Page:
In conventional medicine, when someone has high cholesterol, they are often immediately prescribed a statin (a type of medication used to lower cholesterol, such as Lipitor and Crestor) and are told to avoid foods high in saturated fat and cholesterol. But is high cholesterol really the problem? According to Dr. Stephen Sinatra, the author of The Cholesterol Myth, only half of the patients hospitalized for heart disease actually have high cholesterol. In fact, more current research doesn’t even support the idea that high levels of cholesterol contribute to heart disease.
The real culprit… damaged arteries and chronic inflammation.
You see, one of the most important roles of cholesterol in the body is to heal and repair. It has to be present in order for new cells to be made. And inflammation is a reaction to injury or infection in the body meant to also heal and repair. In a generally healthy body, when there is an injury, inflammation is triggered, which then communicates to the liver to release more cholesterol into the blood to help repair the injury site. The cholesterol works to cover the site and form a scar or “plaque” as a way to repair the injury.
Now here is where the confusion comes in… when the body is under constant attack and in a state of chronic inflammation (due to toxins, excessive sugar intake, etc.) cholesterol is always busy forming these “scars” trying to repair the injuries leading to elevated cholesterol levels in the blood and an accumulation of plaque. So say a patient suffers a heart attack, in conventional medicine, when a physician sees high levels of cholesterol circulating in their bloodstream afterwards, they conclude that it — not the underlying damage to the arteries — is the cause of heart attack. When in fact, its intention was to HELP repair the damage to the arteries.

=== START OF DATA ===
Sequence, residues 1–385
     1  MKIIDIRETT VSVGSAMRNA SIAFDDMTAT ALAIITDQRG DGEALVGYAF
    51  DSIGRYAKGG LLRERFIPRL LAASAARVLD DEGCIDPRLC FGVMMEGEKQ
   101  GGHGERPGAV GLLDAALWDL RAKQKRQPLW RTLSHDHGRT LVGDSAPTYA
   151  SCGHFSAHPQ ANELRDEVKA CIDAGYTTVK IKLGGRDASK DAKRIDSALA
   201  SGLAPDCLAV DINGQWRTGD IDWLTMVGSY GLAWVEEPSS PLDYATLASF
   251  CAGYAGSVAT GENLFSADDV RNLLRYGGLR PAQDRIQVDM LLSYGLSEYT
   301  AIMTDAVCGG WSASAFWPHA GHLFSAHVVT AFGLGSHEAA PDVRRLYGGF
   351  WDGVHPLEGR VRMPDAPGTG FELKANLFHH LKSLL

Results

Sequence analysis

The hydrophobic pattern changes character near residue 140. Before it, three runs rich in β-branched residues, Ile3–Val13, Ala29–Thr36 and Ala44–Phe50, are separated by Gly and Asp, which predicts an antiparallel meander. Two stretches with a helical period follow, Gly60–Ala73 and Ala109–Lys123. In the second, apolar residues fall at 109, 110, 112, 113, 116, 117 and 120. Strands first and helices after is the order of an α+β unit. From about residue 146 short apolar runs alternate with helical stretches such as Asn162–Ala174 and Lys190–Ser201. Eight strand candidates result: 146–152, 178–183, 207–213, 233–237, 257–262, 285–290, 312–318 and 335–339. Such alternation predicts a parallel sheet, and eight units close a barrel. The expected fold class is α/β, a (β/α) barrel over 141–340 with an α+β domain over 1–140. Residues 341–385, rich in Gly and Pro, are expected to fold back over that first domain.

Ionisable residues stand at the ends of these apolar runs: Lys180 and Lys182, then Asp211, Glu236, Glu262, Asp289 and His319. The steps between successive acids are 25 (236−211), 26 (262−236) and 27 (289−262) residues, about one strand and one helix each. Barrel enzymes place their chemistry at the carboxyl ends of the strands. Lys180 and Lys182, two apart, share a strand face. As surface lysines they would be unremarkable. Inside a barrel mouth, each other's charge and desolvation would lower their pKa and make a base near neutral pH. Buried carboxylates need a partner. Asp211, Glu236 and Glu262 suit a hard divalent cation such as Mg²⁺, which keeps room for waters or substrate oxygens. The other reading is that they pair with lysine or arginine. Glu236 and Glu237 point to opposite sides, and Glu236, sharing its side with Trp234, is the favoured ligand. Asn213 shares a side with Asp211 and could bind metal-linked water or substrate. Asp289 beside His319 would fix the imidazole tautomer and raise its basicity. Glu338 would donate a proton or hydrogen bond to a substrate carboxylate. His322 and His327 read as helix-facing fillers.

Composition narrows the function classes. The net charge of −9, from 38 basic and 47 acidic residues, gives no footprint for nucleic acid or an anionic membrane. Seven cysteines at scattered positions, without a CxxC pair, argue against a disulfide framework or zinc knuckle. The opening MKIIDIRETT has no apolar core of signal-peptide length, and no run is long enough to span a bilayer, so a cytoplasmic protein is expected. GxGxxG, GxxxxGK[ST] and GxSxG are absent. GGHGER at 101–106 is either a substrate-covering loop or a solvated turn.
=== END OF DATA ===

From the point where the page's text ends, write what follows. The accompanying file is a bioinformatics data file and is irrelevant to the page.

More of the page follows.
This kind of conclusion often results in physicians prescribing statins and other unnecessary medication, along with a diet with little to no saturated fat or cholesterol. The problem with that is, they are not addressing the issue of inflammation and now there will be less healthy fat and cholesterol to help repair. In addition, lowering cholesterol levels too much can lead to disruption in healing, Vitamin D production, the making of important hormones, and a number of other factors.
The final verdict: saturated fat is GOOD for you!
Overall, eating a balanced diet that includes both saturated AND unsaturated fats from high quality sources is key for optimal health. Saturated fat is necessary for your brain, nervous system, immune system, bones, and even your cardiovascular system. Saturated fat improves the quality of your LDL cholesterol and raises HDL cholesterol. Below are some of the best sources of saturated fat from both animal and plant sources:
Animal sources of saturated fat
Grass fed/grass-finished meats
Grass fed butter or ghee
Plant sources of saturated fat
Am J Clin Nutr. 2010 Mar;91(3):535-46.